— view score —

soundcloud

info


larger ensembles

Ricochet — flute, clarinet, percussion, piano, violin & cello — 2010 — 6 minutes
I set out to compose fast, propulsive music, but the piece resisted, and I relented. It’s best not to push them around.

— view score —

Ricochet is dedicated to Dr. Ferdinando Buonanno, and Professors Pozzi Escot and Robert Cogan, a circle of friends and mentors whose encouragement and support have been invaluable to me, and whose enthusiasm and love of life and music have been inspiring in every way. It was written for Collage New Music, directed by David Hoose, and premiered March 22, 2010 at Pickman Hall of the Longy School in Cambridge, MA.

This performance is by the Washington Square Contemporary Chamber Music Society: Patricia Spencer, flute; Benjamin Fingland, clarinet; Matthew Gold, percussion; Steven Beck, piano; Miranda Cuckson, violin; Christopher Finckel, cello; Louis Karchin, conductor. Recorded live, 12/16/2011 at Tenri Cultural Institute, NYC.

A still small voice — flute, clarinet, trombone, percussion, piano, viola (or violin) & cello — 2008/2009 — 8-10 minutes
“…but the Lord was not in the wind: and…the Lord was not in the earthquake: and…the Lord was not in the fire…”

— view score —

A Still Small Voice is dedicated to my mother, Ruth McMullin, and was composed for Ensemble MD7 of Slovenia, who premiered it on July 9, 2008 at the festival Ljubljana. I conducted a revised version in the US premiere on March 7, 2009 in New York with the Mimesis ensemble.

I have always liked the softer side of the trombone, which is not the aspect of it that most people think of first. When Pavel Mihelčič invited me to write a piece for Ensemble MD7, I had the idea for a short work with a prominent role for the trombone, in which the dynamic level remains quiet throughout. The title refers to the following biblical passage, which, among many other things, says something to me about the nature of inspiration, and seemed to fit well with the particular inspiration of this piece:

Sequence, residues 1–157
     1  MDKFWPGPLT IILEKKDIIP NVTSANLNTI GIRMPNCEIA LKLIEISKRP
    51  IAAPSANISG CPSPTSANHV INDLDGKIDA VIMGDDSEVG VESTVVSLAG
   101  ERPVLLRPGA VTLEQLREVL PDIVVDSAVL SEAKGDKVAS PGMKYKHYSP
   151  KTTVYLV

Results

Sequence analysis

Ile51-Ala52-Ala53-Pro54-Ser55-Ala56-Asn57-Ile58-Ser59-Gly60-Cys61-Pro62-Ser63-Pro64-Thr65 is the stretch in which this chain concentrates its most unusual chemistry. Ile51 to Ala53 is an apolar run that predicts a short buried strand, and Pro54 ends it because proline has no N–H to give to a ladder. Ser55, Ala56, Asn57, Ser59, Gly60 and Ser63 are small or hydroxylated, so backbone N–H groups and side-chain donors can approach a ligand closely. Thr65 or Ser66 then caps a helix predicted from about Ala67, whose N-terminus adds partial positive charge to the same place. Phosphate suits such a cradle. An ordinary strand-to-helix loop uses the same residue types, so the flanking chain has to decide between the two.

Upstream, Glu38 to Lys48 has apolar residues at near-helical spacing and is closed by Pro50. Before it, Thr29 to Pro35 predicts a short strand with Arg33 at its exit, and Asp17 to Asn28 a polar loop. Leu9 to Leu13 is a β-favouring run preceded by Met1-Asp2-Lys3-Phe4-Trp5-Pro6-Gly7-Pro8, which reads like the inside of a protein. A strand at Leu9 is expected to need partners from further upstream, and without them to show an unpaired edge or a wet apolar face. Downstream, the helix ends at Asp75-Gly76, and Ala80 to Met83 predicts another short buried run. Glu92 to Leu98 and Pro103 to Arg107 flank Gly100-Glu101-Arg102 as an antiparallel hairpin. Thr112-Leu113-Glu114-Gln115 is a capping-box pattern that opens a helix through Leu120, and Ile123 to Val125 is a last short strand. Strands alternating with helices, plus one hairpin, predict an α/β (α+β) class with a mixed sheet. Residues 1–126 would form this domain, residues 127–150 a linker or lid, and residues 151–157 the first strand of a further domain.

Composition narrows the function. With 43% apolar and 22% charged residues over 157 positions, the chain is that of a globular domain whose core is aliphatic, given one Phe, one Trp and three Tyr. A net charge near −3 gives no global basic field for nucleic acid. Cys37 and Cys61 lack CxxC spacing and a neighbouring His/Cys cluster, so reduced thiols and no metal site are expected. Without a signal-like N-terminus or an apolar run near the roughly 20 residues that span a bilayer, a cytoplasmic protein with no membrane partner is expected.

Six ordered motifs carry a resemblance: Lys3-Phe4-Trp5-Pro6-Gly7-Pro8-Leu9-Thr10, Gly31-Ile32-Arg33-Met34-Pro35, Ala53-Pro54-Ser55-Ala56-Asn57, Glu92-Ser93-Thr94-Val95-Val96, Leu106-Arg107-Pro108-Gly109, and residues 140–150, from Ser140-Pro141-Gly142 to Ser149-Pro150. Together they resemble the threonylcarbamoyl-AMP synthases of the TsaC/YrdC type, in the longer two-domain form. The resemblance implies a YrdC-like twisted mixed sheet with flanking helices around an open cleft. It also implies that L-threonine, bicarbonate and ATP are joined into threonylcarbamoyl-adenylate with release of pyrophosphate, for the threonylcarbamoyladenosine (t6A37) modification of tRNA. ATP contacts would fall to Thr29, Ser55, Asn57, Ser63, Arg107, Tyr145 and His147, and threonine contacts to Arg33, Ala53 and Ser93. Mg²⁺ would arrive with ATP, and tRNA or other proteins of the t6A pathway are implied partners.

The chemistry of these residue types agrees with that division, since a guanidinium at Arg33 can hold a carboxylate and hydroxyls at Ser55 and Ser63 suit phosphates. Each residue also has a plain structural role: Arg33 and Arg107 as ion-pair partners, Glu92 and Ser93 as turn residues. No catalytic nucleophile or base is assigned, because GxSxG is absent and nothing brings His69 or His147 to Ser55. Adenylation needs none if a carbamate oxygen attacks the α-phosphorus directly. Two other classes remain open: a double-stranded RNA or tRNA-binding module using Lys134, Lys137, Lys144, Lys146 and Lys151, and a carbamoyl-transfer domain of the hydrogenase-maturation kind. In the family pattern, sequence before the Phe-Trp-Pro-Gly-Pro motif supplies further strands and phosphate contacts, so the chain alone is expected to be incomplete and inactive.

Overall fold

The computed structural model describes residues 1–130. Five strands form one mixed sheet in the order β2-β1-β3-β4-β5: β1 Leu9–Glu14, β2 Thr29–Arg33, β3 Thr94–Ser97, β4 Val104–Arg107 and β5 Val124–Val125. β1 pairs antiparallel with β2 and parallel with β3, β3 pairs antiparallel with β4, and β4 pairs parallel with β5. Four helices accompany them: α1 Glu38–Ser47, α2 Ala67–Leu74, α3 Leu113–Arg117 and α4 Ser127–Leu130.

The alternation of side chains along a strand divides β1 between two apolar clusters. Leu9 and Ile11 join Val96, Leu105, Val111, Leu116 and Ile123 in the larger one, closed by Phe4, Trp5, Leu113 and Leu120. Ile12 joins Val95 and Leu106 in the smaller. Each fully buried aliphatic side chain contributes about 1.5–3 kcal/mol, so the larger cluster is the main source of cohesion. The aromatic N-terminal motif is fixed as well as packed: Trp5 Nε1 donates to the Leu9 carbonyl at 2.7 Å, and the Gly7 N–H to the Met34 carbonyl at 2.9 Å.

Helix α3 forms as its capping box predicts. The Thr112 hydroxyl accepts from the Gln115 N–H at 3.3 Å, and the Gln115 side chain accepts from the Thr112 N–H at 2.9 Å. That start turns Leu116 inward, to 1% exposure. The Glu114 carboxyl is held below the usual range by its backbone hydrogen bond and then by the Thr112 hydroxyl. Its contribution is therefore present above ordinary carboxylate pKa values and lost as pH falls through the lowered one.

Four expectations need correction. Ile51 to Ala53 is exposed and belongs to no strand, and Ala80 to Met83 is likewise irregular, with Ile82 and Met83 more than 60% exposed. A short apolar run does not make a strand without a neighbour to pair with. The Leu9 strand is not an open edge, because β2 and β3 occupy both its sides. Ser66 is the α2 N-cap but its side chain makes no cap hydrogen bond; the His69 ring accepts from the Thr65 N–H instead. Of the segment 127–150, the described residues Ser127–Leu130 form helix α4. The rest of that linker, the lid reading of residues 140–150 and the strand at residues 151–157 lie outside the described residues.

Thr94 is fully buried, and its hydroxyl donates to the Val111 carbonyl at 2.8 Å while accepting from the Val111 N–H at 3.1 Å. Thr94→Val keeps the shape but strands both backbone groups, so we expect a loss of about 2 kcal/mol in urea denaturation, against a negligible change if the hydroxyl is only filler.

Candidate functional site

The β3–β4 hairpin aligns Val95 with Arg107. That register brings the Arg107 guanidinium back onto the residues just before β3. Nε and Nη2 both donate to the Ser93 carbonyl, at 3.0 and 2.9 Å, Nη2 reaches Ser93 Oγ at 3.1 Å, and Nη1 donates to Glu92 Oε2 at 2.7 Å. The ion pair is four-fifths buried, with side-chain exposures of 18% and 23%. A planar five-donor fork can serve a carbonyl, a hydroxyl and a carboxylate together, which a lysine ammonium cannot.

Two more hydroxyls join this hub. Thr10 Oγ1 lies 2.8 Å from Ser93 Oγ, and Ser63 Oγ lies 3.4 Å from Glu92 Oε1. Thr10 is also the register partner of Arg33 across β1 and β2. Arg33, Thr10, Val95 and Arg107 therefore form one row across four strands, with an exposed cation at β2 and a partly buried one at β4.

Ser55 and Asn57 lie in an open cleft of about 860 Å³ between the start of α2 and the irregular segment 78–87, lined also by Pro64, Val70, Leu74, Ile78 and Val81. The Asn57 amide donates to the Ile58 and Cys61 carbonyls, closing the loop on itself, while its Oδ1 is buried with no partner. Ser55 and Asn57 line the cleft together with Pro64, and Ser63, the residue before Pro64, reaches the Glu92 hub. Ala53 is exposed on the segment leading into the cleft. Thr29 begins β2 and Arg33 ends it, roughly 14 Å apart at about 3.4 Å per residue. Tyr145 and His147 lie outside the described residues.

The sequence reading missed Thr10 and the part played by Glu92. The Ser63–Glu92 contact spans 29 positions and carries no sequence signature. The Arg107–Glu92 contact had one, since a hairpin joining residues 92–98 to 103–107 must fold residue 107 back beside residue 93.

And, behold, the Lord passed by, and a great and strong wind rent the mountains, and brake in pieces the rocks before the Lord; but the Lord was not in the wind: and after the wind an earthquake; but the Lord was not in the earthquake: And after the earthquake a fire; but the Lord was not in the fire: and after the fire a still small voice.

(1 Kings 19:11-12)

(Recorded live by Mimesis: Jonathan Engle, flute; Mara Plotkin, clarinet; Scott Elliott, trombone; Sean Kleve, percussion; Nicholas Ong, piano; Sarah Lemons, viola; Erich Schoen-Rene, cello; David McMullin, conductor.)

Láska a smetí — flute, bass clarinet, percussion, piano, violin, viola, cello & contrabass — 2004 — 7 minutes
After Ivan Klima’s novel, which jumps around in time so frequently and seamlessly that it seems to exist outside of time entirely.

— view score —

Láska a smetí (Love & Garbage) was commissioned by Atelier 90 of Prague, who presented its premiere performance by the Mondschein Ensemble (Moens) on December 3, 2004, at the Martinů Hall of the Lichtenstein Palace, Prague, Czech Republic, as part of a full concert of my works. Max Lifchitz conducted the US premiere June 13, 2006 in New York, with North/South Consonance.

The title comes from a novel by Czech author Ivan Klima, about a writer who works temporarily, as Klima himself did, as a street sweeper in Prague. The narrator feels a kind of detachment from everything around him – he is in a way only pretending to be a street sweeper, but while he is not writing he cannot be sure he is really a writer either, and he is at the same time paralyzed by indecision in his personal life. His detachment makes him a rather hesitant participant in life, but an acutely insightful observer.

As he wanders through the streets of Prague with his cleaning crew, he relates their stories and his own, as well as his immediate impressions and reminiscences of other times and places. Klima’s treatment of time was particularly interesting to me. The narrative does not proceed chronologically, but freely covers a span of many years, moving backward and forward fluidly and staying in one time-line for only a few paragraphs or pages at once. These frequent shifts of temporal perspective come without warning or demarcation, but the transitions and juxtapositions are seamless rather than abrupt. The result is not a series of discrete scenes or vignettes, but a masterful overarching meditation that seems to be outside of time.